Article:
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    Equine First-Aid and Wound Care

    You’ve discovered that your horse has an open wound. If you can do it safely, assess the wound to determine whether it requires an emergency call to your veterinarian. The most obvious sign is gushing or spurting blood. Control heavy bleeding by covering the wound with a pressure bandage or pressing directly on it until help arrives. Call a veterinarian immediately if you discover the wound has clear, yellowish drainage, deformation/distortion in or around the injury, or a deeply embedded foreign object.

    Also, look for signs of shock that include irregular breathing, shallow pulse, and unfocused look in the eyes, and/or cold ears and feet. Do not attempt to move or treat a horse if he seems to be in shock. Cover him with light blankets and call your veterinarian immediately.

    How to care for a wound

    If the injury is not an emergency, you may be able to administer first aid yourself. Do not, however, remove any object from a puncture wound, unless it poses the risk of further injury or the horse is panicking. Also, do not attempt to remove any object that has penetrated the horse’s eye—both situations require veterinary attention.

    First, wash the wound with tap water or physiologic saline solution, which stings less than water. You can make your own saline by dissolving two tablespoons of table salt in a gallon of distilled water. Use the minimum amount of pressure necessary to fully rinse the wound surface. Scrub the wound gently with gauze squares, pouring the water or saline onto the square rather than dipping it into a bucket. Discard each square as it becomes soiled. Continue scrubbing until the gauze remains clean of visible dirt.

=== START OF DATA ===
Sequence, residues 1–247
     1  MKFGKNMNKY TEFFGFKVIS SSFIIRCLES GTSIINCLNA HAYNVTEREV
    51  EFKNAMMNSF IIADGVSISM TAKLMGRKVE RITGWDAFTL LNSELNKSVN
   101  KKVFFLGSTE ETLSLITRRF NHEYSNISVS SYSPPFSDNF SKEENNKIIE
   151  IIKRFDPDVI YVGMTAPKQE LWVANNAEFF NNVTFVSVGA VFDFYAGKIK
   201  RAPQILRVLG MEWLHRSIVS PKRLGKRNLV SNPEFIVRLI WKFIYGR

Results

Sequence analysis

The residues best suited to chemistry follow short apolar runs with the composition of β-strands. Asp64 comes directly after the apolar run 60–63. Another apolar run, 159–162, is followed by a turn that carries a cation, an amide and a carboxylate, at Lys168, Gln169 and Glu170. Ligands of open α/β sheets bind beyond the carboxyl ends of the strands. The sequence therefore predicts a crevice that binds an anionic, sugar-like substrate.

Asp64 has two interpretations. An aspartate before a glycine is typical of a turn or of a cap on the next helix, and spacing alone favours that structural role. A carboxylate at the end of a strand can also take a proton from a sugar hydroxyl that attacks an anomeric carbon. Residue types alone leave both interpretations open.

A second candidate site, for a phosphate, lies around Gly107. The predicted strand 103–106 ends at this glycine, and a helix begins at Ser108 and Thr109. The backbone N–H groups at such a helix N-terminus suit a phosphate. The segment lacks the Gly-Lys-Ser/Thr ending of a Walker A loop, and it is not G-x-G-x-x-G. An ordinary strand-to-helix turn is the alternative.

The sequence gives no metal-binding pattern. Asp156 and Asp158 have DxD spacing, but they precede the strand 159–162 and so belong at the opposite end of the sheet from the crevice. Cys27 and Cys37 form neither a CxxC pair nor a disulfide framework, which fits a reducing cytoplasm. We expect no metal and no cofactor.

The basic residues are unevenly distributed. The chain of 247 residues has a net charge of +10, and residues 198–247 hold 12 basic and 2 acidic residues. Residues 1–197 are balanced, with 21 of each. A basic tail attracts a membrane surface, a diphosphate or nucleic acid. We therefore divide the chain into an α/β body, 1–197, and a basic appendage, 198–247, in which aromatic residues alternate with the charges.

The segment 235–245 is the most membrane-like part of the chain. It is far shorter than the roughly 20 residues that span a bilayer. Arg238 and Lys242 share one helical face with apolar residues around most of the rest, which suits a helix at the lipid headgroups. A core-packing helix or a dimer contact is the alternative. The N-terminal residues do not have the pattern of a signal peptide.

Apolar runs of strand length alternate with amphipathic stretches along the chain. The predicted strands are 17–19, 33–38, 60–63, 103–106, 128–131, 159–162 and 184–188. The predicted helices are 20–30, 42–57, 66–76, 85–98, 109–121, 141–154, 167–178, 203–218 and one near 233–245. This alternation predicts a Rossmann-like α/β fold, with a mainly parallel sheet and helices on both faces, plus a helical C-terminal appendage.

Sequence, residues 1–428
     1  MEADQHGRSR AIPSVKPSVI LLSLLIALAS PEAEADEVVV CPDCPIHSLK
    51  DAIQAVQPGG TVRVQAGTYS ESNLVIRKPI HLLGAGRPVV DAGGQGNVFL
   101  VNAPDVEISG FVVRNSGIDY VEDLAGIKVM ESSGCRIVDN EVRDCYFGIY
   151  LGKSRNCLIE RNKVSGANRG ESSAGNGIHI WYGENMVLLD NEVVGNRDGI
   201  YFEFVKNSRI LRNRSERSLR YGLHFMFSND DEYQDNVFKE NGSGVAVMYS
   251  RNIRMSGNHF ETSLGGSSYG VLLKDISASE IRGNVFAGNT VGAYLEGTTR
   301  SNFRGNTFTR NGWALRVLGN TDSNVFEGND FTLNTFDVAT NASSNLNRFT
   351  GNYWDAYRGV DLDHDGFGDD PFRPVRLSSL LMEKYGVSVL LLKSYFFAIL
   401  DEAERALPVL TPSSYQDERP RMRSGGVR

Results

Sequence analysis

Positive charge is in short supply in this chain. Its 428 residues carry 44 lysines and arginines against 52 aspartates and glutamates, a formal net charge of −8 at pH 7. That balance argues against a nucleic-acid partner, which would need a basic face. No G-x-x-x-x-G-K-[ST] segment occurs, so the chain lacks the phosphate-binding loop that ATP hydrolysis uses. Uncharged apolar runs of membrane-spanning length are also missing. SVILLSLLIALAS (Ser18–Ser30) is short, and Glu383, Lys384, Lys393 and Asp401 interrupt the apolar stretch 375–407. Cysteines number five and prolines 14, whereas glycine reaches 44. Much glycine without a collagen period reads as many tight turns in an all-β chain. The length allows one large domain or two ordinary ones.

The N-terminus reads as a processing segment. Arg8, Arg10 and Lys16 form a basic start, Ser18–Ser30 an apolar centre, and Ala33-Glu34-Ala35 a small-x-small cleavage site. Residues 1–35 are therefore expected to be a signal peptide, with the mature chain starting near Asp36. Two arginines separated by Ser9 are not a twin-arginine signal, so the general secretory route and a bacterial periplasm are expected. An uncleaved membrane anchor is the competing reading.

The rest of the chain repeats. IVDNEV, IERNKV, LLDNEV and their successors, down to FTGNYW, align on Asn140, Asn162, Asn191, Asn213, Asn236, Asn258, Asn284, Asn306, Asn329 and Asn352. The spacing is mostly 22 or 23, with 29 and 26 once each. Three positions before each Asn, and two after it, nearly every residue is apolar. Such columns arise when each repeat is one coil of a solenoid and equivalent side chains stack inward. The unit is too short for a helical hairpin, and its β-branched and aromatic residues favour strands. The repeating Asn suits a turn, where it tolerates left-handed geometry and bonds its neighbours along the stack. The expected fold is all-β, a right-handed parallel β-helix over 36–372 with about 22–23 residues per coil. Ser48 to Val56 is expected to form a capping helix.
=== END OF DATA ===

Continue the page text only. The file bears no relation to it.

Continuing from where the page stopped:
Next, medicate a superficial wound with an antibiotic paste or other ointment. Reapply the medication daily or more frequently until a protective scab has formed. Bandage, if necessary. Most cuts and abrasions do not require bandaging, but there are situations where a properly applied dressing can help protect the quick-growing and fragile replacement skin. Bandages are most important in leg injuries and deep wounds that penetrate multiple skin layers.

    Lastly, inspect the wound daily for the first few days, looking for signs of trouble: grayor greenish-tinged tissues, a foul odor or excessive drainage. After a couple of weeks, be on the lookout for proud flesh, pink, cauliflower-like granulation tissue that delays or halts healing. Reapply recommended ointment or bandaging, but avoid needless meddling, which only lengthens healing.

    First Aid Kit

    It helps to have a first aid kit handy for emergency situations. There are certain supplies which should be incorporated into every kit. Make sure to mark First Aid Kit on the top and sides. Place the kit in a handy spot in the barn or stable, familiarize yourself with the contents and know how to use them. You may also want to have a more portable version to carry with you when you are out on trail rides, horse camping, or in a situation where veterinary attention is not available. Here are some recommended items for your first aid kit:

    • Thermometer
    • Stethoscope
    • Flashlight
    • Electrolytes
    • Neosporin
    • Diluted iodine solution
    • ">Wound Powder
    • Hydrogen peroxide
    • Knife
    • Wire cutters
    • Hoof pick
    • Fly lotion
    • Ophthalmic Polysporin
    • Bandaging Materials
    • Latex gloves
    • Irrigating syringe
    • Antibiotic spray
    • Blunt-nosed scissors
    • Epsom salts
    • Petroleum Jelly
    • Betadine scrub